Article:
Bradydysrhythmias can be caused by two mechanisms: depression of sinus nodal activity or conduction system blocks. In both situations, subsidiary pacemakers take over and pace the heart; and provided the pacemaker is located above the bifurcation of the bundle of His, the rate is generally adequate to maintain cardiac output.
The need for emergent treatment of bradycardias is guided by two considerations: (1) evidence of hypoperfusion and (2) the potential to degenerate into a more profound bradycardia or ventricular asystole. In general, emergent treatment is not required, unless (1) the heart rate is below 50 and there is clinical evidence of hypoperfusion or (2) the bradycardia is due to structural disease of the infranodal conducting system (either transient or permanent) that has a risk of progressing to complete AV block. The first group of patients requires immediate treatment during assessment of the etiology of the bradycardia and consideration of whether internal pacing will be required. The second group of patients does not always require immediate treatment but should be monitored closely, with therapy readily available, while arrangements are made for further evaluation and possible internal cardiac pacing.
Three methods are currently available for emergent treatment of bradycardias: atropine, isoproterenol, and transcutaneous cardiac pacing.
Atropine should be the initial agent, at doses of 0.5 mg IV every 5 min until the desired response is achieved or a total vagolytic dose (about 0.05 mg/kg in humans) is given. Usually, if no response is seen by a dose of 2.0 mg, further doses are not effective. The vast majority of bradycardias due to problems of either the sinus or AV node respond to atropine. Even some patients with infranodal blocks may respond, so atropine deserves consideration in most bradycardias when emergent treatment is desired. Atropine can increase rate and myocardial oxygen consumption; therefore it has no place in an otherwise stable patient with bradycardia.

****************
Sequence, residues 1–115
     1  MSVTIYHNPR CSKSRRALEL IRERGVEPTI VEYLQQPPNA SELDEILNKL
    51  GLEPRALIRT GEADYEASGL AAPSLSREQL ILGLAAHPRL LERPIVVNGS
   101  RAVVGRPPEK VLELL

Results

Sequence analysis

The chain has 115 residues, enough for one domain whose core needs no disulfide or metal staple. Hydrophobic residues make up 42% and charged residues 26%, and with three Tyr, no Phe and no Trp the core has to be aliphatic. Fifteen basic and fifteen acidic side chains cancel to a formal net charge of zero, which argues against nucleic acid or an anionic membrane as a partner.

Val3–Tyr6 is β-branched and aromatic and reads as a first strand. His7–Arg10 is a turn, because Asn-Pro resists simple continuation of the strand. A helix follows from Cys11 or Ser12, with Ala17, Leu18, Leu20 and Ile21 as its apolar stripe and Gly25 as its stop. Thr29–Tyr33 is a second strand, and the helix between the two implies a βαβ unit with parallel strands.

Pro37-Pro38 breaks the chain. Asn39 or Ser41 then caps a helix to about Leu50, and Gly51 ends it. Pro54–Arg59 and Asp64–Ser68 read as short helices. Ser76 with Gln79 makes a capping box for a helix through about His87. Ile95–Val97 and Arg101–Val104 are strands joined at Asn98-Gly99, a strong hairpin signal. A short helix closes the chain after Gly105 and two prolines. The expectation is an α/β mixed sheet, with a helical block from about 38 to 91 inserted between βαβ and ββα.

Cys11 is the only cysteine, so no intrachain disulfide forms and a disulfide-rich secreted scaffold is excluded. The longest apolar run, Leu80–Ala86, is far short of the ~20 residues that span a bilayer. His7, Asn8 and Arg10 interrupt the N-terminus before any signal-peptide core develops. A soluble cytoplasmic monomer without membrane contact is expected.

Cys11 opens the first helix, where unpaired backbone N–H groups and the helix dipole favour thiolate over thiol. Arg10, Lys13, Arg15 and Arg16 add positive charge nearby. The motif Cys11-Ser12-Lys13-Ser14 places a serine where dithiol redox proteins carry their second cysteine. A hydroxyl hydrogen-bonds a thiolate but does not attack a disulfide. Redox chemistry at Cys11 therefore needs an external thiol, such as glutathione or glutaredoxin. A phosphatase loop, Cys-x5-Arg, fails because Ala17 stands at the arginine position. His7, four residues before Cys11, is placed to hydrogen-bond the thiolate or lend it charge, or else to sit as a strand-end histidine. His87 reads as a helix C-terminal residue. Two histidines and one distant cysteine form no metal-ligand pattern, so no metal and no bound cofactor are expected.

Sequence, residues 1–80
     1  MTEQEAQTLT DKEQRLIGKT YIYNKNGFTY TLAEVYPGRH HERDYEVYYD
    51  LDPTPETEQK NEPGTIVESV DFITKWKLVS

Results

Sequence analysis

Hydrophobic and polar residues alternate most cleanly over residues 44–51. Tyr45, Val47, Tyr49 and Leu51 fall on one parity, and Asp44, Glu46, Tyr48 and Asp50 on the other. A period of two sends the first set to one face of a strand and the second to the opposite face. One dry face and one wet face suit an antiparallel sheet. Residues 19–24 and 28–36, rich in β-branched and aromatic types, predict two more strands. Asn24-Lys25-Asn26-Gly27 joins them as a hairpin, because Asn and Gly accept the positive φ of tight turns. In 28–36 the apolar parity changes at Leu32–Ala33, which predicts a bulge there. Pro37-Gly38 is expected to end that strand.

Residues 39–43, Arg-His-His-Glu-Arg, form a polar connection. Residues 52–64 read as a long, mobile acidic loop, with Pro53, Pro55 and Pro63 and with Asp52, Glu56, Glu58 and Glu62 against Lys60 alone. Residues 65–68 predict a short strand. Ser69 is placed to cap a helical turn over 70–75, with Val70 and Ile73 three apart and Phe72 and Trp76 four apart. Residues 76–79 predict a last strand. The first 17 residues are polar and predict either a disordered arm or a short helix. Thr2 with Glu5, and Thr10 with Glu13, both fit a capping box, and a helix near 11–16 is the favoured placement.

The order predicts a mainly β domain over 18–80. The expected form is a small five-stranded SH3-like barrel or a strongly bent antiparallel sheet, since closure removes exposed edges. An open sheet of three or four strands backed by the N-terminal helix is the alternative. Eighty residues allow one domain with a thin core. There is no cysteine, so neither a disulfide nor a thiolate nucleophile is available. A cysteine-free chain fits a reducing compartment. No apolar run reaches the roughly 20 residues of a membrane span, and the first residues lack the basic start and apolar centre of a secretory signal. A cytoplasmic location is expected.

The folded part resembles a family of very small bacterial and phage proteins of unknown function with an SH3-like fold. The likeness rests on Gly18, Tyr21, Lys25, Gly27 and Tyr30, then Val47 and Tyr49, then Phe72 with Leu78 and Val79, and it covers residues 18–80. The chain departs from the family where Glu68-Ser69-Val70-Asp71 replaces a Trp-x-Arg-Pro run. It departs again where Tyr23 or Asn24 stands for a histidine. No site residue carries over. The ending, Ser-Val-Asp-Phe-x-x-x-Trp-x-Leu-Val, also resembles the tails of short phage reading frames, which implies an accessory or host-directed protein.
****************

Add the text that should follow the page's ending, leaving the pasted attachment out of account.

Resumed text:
Isoproterenol can be used when atropine is ineffective, generally as a result of disease of the infranodal conducting system. Isoproterenol is given as a constant infusion, starting at a rate of around 0.5 pg/min and increasing as required to maintain a heart rate of 60. Isoproterenol increases myocardial oxygen demand, stimulates ventricular ectopy, and produces peripheral vasodilation, making it a less attractive agent than atropine. The reported response to isoproterenol is less than that observed with atropine, although isoproterenol is usually used only in patients who fail while receiving atropine. It is difficult to say how effective isoproterenol would be if used initially, and we do not suggest that.
External cardiac pacing represents a reemergence of an old concept with new electronics that make the technique more sensitive and likely to capture rhythm. This should be available in every emergency facility. The emergency physician must become familiar with the technique of applying the transcutaneous pacemaker so that it will sense and pace appropriately.
Internal pacing is the definitive treatment for progressive or persistent bradycardias. Emergent internal pacing is possible with the use of balloon-tipped flotation catheters, although, without fluoroscopic guidance, it is often technically difficult to achieve stable placement in a patient with low cardiac output.
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